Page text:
2. зоол., разг. медведь, не залёгший в спячку или преждевременно разбуженный, вышедший из спячки ◆ Дядюшка остановился, взял детей за руки, тихо увёл от берлоги, да ещё и поплутал с ними по лесу, чтобы потом не нашли, не убежали смотреть берлогу втайне, медведя нельзя будить, сказал дядюшка, шатуны опасны, непредсказуемы, свирепы. Наталья Галкина, «Вилла Рено», 2003 г. [НКРЯ]

  3. техн. подвижная деталь механизма, соединяющая поступательно перемещающуюся деталь с вращающимся валом ◆ Пришлось вытачивать новый коленвал, менять шатуны, втулки, клапаны, поршни, пружины, подшипники, а также сделать новый алюминиевый бак. Владимир Маккавеев, «Судьба подружки Гонзалеса», 2001 г. // «Формула» [НКРЯ] ◆ На выходном валу редуктора установлен кривошип, шарнирно соединённый с шатуном. «Ресурсосбережение — веление времени», 2001 г. // «Локомотив» [НКРЯ]"

Эта фамилия вероятнее всего базировалась на первом или втором значении,

"Этимология Происходит от глагола шататься, далее из праслав. *šętati, от кот. в числе прочего произошли: др.-русск. шатати ся «блуждать», также «хвалиться» (Александрия, ХV в.), ст.-слав. шѩтаниѥ (φρύαγμα; Супр.), сербск.-церк.-слав. шѩтати сѩ (φρυάττεσθαι), русск. шатать, укр. шата́тися «шататься», болг. ше́там «хожу туда-сюда, хозяйничаю, прислуживаю», сербохорв. ше́тати, ше̑та̑м, ше̑ħе̑м «ходить», словенск. šétati sе «гулять», чешск. šátati «двигать». Праслав. *šętati сравнивали, принимая начальное ks-, с готск. sinþs «ход, раз», др.-в.-нем. sinnan «отправляться, стремиться, помышлять», ирл. sét «дорога». Кроме этого, предполагали *sket- (*kset-) с носовым инфиксом, связанное чередованием гласных с лит. skàsti «прыгать, скакать». Использованы данные словаря М. Фасмера. См. Список литературы. "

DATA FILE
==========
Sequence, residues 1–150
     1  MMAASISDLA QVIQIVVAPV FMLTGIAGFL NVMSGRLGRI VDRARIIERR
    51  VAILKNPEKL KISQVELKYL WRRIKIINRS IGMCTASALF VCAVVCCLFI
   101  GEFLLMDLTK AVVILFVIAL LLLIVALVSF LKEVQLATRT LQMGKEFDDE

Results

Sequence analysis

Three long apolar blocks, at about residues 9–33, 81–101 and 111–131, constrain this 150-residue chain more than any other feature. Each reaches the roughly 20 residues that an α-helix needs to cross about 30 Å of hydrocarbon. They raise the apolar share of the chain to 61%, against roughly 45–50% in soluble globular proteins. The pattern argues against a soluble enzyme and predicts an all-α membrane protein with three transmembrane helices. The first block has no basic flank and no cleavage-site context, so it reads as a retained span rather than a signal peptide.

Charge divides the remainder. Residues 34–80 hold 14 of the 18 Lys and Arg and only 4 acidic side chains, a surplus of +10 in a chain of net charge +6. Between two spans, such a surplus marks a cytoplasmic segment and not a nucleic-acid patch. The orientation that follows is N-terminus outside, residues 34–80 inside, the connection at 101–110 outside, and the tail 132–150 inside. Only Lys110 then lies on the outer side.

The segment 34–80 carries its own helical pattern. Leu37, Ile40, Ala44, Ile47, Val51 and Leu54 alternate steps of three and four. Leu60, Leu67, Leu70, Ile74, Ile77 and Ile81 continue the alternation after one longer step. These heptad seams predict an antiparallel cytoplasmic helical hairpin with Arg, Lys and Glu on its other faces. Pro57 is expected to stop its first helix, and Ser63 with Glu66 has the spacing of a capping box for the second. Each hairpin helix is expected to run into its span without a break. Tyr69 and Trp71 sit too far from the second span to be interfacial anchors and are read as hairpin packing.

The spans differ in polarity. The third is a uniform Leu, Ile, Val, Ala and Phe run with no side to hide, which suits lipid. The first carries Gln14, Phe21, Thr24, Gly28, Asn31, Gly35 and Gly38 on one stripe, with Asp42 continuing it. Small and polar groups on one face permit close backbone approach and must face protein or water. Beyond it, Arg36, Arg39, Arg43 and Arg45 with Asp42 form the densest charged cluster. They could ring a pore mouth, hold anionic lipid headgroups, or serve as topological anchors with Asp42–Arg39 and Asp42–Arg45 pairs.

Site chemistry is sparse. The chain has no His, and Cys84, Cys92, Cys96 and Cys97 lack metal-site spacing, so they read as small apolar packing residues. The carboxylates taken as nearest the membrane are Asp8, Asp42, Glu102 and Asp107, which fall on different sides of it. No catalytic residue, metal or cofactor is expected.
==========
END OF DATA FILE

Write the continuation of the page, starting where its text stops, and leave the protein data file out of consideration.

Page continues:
https://ru.wiktionary.org/wiki/шатун

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    Thanks for your response and the correction about the grizzly bear information. I cannot read Russian. I am only an English speaker. Let me ask this: if there were a family living in the 19th century with names like “Shatunov” and “Shatunova”, how would they get that name from? Would names like “Shatunov” and “Shatunova” have any cultural significance in the 19th century and early 20th century, or would they have no cultural significance whatsoever?
    – Phillip
    Jan 3 at 18:58
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    I suppose it should be one of these three versions only :) There are also more rare options - but they are only narrow-local, dialectal, rarely, and besides they are less similar to subject - from шата (an icon frame) or шат -a fainting. names.neolove.ru/last_names/24/sha/shatunov.html ________ the suffix(ending) -ов means a descendant, follower. ________ "have any cultural significance?" - i didn't quite realise the your question. :> Initially, obviously , this was a nickname, as it often happens. Jan 3 at 19:10
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    @Phillip, it's not clear what you mean when you say "cultural significance". Surnames are just surnames, a way to distinguish people with the same first name. "Shatunov" is a possessive of "shatun", so most likely there was some ancestor registered in a parish book with the surname "Shatunov" because he belonged to a house (was a son, grandson, whatever) of somebody with a nickname "Shatun". And since then his descendants were registered with this surname. In modern use, "shatun" is a bit dated, but the word "шататься" is quite common in colloquial speech.
    – il--ya
    Jan 6 at 17:12
  • Philip, "By cultural significance..." - in fact, given the well-known metaphorical nature of people, and the Fisher could mean not the fishing in the sea or river, but, for example, - robbery on the roads:> And Шатун, just f.e., - could be a Casanova and it сould mean his adventures among women :> All this is pure speculation, I just want to say that it's hard knowing precisely. Feb 3 at 8:10